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Prayer is a very personal and private thing. In fact, to be honest to a fault, let me say that public prayer, with other people raising voices and turning the pages in unison, has become very difficult for me the past few years. I prefer the more quite, contemplative pace I can do in my own backyard alone. Appreciate the professional hazard this truth creates for a rabbi who believes both in the power of prayer and in the power of community. However you pray, or if you pray at all, and the above admission not withstanding, by the end of this blog, I’ll be asking you for a PRAYvor.
What’s a PRAYvor? It’s a word I made up for when someone asks me to pray for them. I want to ask you to pray, for me – sure, but more so for some very special people in my life. Scattered across the globe, from the West Coast, where I live, across the continent, and all the way to Israel are some very special people in my life, all facing surgery within the next seven weeks.
נַחֲמ֥וּ נַחֲמ֖וּ עַמִּ֑י יֹאמַ֖ר אֱלֹהֵיכֶֽם.
Be comforted, indeed be comforted, says your God. -Isaiah 40
These are the opening words of this week’s haftorah (the week’s reading from the Prophets). This is first of seven weeks which count from the the fast day of the 9th of Av. (commemorating the destruction of the Temple (to read more about that, click here) to the beginning of the Jewish New Year, Rosh Hashanah. It is during this time period that we start to prepare ourselves for the spiritual work of the High Holidays ( for more on how we prepare, see Rabbi Rebecca Sirbu’s blogpost from yesterday). One way to prepare is prayer, including prayers for health.
I believe that prayer works in healing the mind and the body.
- On a rational level, I pray like Maimonides, for the wisdom of the doctors and nurses who heal (click here for a download of the English Translation of his Prayer for the Physician).
- On a meditative level, prayer works to calm the mind and the body, so that we can go on to do the healing we need to move toward.
- On the metaphysical level, I believe that prayer can do wonders for the person who prays for another (as empathy grows, spiritual awareness deepens), and, prayer can help in the healing process itself (click here for the now classic double-blind National Institute of Health Study of 1998, or here for a much more recent blogpost on the Huffington Post by Candy Gunther Brown, author of Testing Prayer: Science and Healing, Harvard University Press ).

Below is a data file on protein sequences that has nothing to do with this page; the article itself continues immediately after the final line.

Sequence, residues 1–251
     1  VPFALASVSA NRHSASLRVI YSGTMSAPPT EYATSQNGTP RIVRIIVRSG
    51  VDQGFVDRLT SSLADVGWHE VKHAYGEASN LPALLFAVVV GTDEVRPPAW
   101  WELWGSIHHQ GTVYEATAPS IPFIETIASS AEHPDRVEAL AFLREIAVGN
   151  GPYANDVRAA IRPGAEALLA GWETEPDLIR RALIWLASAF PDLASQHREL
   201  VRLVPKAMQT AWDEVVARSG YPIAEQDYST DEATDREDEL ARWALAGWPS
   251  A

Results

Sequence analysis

Some people are natural prayers, or have learned how to move themselves to that deeper place through practice. If that’s you, you know what I’m asking you for, but I know many people who find prayer very difficult. It’s okay, I get it; I’ve been there myself.
I said “pray for me”, and I wouldn’t mind that at all. There is no getting around it, while I have every reason to believe that the special people in my life that are getting ready for surgery will emerge ultimately healthier than before, I’m still anxious. Here’s what I pray when I’m focused on anxiety:
הָ֭רֹפֵא לִשְׁב֣וּרֵי לֵ֑ב וּ֝מְחַבֵּ֗שׁ לְעַצְּבֹותָֽם׃
“God heals the broken-hearted and binds up their wounds.” -Psalm 147:3.
Much more importantly than for myself, I’d like to ask you for a PRAYvor for the special people in my family and beyond, and for the people that you love and care for who could use our prayers of healing. Over the next several weeks, until Rosh Hashanah (this year it begins on the evening of Sunday, September 16), take a moment each day to pray for those in need of healing, whomever, and wherever they are.
Prayer doesn’t come naturally to everyone.
Need words to start off with? You could do worse than the meditative opening words of the verse quoted at the top of this post:
“Nachmu, Nachamu – be comforted, indeed be comforted.”
Need a melody? There are many. I love the melody from my buddy at Temple Aliyah in Woodland Hills, CA, Cantor Mike Stein. He wrote an evocative modern/classic “Refaenu, Heal Us” (click here to listen), or the late, great, Debbie Friedman classic, Mi Shebeirach (click here to listen and watch her on youtube).
However you do it, please do it. If you’ve never been much of a pray-er before, I know it can seem awkward, but despite that, I’m still asking you for this one small PRAYvor.
Pronounced: roshe hah-SHAH-nah, also roshe ha-shah-NAH, Origin: Hebrew, the Jewish new year.